It may not be possible for Bangladesh to avoid recurrent flooding and water-logging problems if India continues to control trans-boundary river waters arbitrarily, observed environment experts at a conference in Dhaka on Friday.
They said that instances occurred when India opened barrage gates deteriorating flood situation in the country from bad to worse.
With climate change impacts taking effects, said the experts, India would have more water to release in the coming years from intense raining and the threat of Bangladesh being flooded gets even greater.
‘Bangladesh-India coordination in management of trans-boundary river waters is inevitable to solve the flooding problem in Bangladesh,’ said Khalequzzaman, professor at geology and physics department, Lock Heaven University, USA.
His comment came following a presentation that showed how flash flood in north-eastern Bangladesh is related to on rush of water from upstream in India and how little Bangladesh could do to help the situation.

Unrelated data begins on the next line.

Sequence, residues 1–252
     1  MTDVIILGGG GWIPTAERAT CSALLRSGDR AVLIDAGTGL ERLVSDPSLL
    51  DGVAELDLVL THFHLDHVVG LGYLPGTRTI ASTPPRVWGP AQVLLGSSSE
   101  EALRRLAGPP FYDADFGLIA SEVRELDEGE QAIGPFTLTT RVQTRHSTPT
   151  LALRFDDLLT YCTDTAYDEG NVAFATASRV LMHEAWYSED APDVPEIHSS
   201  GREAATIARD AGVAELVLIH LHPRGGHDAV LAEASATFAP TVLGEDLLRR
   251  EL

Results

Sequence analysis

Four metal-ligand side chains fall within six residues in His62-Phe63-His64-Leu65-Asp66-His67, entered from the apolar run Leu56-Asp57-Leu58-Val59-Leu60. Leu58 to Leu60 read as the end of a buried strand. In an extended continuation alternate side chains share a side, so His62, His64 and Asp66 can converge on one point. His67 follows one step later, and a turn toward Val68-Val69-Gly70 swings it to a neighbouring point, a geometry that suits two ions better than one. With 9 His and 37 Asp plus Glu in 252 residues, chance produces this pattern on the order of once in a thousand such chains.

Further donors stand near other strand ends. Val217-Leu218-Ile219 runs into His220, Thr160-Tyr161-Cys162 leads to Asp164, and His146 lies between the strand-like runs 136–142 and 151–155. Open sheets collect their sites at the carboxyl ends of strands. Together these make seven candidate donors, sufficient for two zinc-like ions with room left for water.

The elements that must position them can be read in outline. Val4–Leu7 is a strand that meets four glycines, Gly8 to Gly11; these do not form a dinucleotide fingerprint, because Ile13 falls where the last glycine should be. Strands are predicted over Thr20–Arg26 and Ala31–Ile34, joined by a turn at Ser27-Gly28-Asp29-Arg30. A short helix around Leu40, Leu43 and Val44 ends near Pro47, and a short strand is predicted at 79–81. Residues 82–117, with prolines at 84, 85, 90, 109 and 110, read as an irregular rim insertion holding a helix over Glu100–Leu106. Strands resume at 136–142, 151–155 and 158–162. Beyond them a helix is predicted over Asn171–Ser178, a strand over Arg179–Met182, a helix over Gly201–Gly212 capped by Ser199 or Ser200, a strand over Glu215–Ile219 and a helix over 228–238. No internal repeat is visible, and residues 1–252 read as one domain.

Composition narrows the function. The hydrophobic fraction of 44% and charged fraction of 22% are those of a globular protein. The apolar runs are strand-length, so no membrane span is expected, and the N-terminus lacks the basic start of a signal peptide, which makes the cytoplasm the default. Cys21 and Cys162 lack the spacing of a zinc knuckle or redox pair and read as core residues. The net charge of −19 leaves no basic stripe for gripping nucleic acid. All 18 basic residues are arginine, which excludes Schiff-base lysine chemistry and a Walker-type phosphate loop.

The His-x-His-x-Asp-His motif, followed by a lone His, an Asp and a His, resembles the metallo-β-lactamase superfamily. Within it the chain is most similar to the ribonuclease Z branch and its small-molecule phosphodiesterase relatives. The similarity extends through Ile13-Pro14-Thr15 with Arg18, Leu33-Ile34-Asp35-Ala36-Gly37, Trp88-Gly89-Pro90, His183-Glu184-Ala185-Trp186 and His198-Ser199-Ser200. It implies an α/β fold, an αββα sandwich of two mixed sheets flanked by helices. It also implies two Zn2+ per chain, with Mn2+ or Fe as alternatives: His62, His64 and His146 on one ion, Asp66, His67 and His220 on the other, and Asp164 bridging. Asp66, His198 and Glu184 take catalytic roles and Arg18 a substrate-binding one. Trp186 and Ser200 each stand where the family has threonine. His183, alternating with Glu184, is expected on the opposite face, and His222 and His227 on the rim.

He said that the onrush of water was the result of heavy rainfall which was likely to become even more intense due to climate change impacts in coming years.
Khalequzzaman presented one of several dozens of papers presented on the first day of two-day-long special conference on flood, water-logging and landslides.
Bangladesh Paribesh Andolan and Bangladesh Environment Network are jointly organising the programme at Krishibid Institution Bangladesh auditorium.
BAPA joint secretary Sharif Jamil demanded that India removes all its barrages.
Water management expert Ainun Nishat called for creating political pressure on India to stop it from arbitrarily managing trans-boundary river waters.
Availability of water is related to production of food and the failure to manage river waters may mean to have the country’s food safety affected, said Nishat.
As many as 57 major rivers in Bangladesh are originated in India and Myanmar.
Economist Wahiduddin Mahmud, supreme court lawyer Sultana Kamal, Bangladesh Paribesh Andolan vice-president Khandker Bazlul Haque, its general secretary Abdul Matin, BAPA member M Feroz Ahmed, BEN coordinator Nazrul Islam, architect Iqbal Habib and Institute of water modelling executive director M Monwar Hossain attended the conference.
Topics focused in papers presented during the conference included water-logging in Dhaka and Chittagong; landslides; impact of Rohingya intrusion on environment, river and canal encroachment; and river erosion.
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